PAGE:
A CUMBRIAN MP has called for the county to take the national lead in protecting ash trees from a disease which has destroyed populations across mainland Europe.

Rory Stewart, MP for Penrith and the Border, called a meeting of the constituency’s forestry and woodlands ‘think-tank’ to discuss the issue, which has already seen hundreds of infected sites across the UK.

Representatives from groups such as the National Trust, Natural England and LDNPA attended the meeting, and Mr Stewart has also written to the Secretary of State of DEFRA, Owen Paterson, proposing Cumbria’s pilot.

The local MP said: “We are in a unique situation here in Cumbria to take the lead in this issue. We find ourselves in an isolated geographical position, with few reported cases of the disease and a significant distance from the current epicentre of the infection down in the south east of England.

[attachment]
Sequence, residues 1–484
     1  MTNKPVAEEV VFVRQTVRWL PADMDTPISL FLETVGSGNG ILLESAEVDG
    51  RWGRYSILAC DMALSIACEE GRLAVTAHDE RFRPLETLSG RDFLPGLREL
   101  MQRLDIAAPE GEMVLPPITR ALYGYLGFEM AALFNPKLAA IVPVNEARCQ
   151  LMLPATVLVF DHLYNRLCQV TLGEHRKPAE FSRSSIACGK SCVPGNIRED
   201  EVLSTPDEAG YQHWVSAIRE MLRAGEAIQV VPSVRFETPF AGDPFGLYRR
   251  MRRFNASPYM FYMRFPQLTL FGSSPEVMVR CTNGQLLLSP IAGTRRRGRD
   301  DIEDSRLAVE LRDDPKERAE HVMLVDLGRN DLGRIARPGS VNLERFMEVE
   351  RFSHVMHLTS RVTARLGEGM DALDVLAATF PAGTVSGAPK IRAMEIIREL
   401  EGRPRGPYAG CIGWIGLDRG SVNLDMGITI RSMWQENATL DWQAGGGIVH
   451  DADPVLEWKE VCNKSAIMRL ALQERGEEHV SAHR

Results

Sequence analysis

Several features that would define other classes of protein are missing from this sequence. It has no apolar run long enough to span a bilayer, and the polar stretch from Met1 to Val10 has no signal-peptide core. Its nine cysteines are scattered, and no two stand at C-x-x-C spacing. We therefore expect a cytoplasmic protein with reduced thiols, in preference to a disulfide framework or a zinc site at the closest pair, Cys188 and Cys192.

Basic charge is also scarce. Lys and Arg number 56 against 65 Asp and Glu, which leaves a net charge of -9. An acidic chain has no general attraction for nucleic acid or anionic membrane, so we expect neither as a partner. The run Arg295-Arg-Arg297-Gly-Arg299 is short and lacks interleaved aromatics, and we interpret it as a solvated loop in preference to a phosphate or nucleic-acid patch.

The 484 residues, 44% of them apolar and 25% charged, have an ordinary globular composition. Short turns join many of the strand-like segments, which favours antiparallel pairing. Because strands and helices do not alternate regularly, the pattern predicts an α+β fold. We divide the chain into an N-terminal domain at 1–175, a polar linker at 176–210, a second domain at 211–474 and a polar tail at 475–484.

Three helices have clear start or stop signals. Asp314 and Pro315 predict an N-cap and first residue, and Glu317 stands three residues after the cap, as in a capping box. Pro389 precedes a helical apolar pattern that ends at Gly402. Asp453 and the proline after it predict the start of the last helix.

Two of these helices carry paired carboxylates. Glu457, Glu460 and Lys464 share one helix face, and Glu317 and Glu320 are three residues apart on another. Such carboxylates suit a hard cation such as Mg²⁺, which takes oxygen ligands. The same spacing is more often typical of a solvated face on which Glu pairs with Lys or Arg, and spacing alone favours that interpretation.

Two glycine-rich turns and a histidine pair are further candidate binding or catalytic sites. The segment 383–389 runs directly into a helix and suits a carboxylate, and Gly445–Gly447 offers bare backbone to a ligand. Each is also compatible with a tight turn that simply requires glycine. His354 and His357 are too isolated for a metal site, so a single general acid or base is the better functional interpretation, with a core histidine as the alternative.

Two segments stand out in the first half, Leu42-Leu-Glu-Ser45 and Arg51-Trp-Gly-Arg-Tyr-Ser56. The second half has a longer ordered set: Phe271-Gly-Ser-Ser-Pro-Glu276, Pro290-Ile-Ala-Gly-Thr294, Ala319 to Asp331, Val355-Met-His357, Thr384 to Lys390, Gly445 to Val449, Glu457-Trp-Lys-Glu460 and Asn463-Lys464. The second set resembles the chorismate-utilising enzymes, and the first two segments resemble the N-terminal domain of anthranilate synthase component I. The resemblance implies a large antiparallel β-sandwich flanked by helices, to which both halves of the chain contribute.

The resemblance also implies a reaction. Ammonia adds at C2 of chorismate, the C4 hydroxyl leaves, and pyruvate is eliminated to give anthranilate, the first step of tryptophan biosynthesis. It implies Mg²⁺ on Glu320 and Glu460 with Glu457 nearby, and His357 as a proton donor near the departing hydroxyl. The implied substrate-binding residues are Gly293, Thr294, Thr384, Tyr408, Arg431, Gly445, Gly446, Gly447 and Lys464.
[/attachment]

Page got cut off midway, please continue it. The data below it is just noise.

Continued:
“Cumbria is the ideal location for a national test case pilot which would aim to record instances of ash outbreak, eliminate infected trees, create a clean area, and do all we can to delay arrival of the disease."

He added that he aimed to meet with Mr Paterson soon to ensure the project was up and running in time for next spring.